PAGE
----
A close-up on one of the fare gates (standard throughout the system). The slit at the front is for the tickets, and the green circle at the top is where you place the smart cards for the system (think CharlieCard).
The Line 3 platform at Callao, looking quite similar to every single platform on Line 3 I had already seen.
One of the countdown clocks located at Callao. It was working perfectly, though my (phone) camera caught it at a weird moment. As you can see, it tells you the destination of the next train, the time till the next train, and some other fast-moving information.
The final station that I visited was Retiro, which I convinced my parents to go to after walking through the Royal Gardens (the other option was to go to Sol, which I had already been to). Retiro was on the Line 2, but was not a transfer station, and was two stops away from Sol. It seemed that the Madrid Metro had only modernized the transfer stations, as Retiro was old and not in good shape . The platforms were decaying, and there were stains on the walls. At least the technology (fare gates, ticket machines, countdown clocks, etc) was in top condition.
Retiro’s small mezzanine and fare control area. The ticket machines were located behind my current position to the right. I quite like how they put a countdown clock right at the entrance, so you would know if you had to run for the train.
Retiro’s platforms, not in the top condition. The concrete was faded and the walls were stained. At least there was no water dripping on the floor (I’m looking at you, Haymarket).
Both Line 2 and Line 3 (and probably the rest of the lines, due to a standard trainset) ran on overhead lines, which weren’t even wires! They were a third rail suspended above the train.
Finally, on the second to last day, I walked down to one of the main roads and took a couple pictures of the buses going by. According to Madrid’s website, the bus colors have meaning. The blue buses only operate routes within the city, while the green ones go out into the suburbs (there are also the express yellow buses, which go to nearby cities, and red buses have the same job as blue ones). At one point I had more pictures, but they were deleted by my sister (still don’t know how she did that).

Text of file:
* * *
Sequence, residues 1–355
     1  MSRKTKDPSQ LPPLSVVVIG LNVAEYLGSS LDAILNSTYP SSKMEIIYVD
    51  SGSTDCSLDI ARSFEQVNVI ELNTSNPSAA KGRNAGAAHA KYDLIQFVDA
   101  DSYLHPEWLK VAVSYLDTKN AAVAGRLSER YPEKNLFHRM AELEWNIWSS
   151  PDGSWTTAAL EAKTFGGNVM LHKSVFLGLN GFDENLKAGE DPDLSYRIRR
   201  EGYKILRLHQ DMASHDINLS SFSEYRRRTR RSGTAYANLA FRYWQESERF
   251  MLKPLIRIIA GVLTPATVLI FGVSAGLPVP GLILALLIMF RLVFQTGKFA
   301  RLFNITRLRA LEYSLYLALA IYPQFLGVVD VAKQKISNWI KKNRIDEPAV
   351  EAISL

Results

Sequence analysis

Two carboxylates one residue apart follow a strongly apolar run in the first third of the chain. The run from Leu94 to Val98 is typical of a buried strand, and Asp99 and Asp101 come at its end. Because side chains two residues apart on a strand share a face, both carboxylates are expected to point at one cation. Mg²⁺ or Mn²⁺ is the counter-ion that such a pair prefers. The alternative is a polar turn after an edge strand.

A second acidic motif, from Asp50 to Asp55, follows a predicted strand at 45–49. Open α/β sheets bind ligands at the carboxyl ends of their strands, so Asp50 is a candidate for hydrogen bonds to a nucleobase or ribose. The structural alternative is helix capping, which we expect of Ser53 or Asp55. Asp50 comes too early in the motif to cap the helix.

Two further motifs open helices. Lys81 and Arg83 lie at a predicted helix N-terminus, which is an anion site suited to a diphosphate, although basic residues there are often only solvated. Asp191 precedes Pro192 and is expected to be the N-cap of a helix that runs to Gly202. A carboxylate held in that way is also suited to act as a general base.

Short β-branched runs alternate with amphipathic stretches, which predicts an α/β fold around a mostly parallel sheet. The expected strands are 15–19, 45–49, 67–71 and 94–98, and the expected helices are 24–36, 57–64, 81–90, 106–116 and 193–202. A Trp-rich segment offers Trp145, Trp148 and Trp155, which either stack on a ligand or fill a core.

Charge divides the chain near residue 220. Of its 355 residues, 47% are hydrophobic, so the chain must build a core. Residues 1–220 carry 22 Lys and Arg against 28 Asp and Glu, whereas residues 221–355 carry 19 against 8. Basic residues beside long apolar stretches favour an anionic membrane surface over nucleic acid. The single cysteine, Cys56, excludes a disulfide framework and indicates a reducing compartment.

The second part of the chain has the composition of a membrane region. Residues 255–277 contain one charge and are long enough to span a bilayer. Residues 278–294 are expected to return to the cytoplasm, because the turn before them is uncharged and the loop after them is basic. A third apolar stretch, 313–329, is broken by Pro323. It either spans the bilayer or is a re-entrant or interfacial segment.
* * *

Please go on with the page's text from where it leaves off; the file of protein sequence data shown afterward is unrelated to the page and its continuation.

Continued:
A route 135 approaching from the distance.
A route 86, heading to “Vill. Alto”, which is the terminus for Line 3.
And so, after three weeks on an international adventure, I returned home to Logan Airport. However, my family and I were faced with a problem. My grandmother, who left us halfway through the trip, had driven us to the airport, so we had no way to get home. Luckily, the previous night, I had thought of a solution. We ended up taking the Silver Line SL1 to South Station, then taking the Providence/Stoughton Line to Sharon (review coming soon), and finally calling a cab to get home.
Did you know that the SL1 had countdown clocks at the airport? Well now you do, and they’re pretty accurate! The bus ended up coming two minutes late, but that’s pretty minimal.
I couldn’t get a picture of the front of the bus, so here’s the side.

And that’s it! Between buses and trains in Israel and the metro in Madrid, I think my trip was pretty transit filled!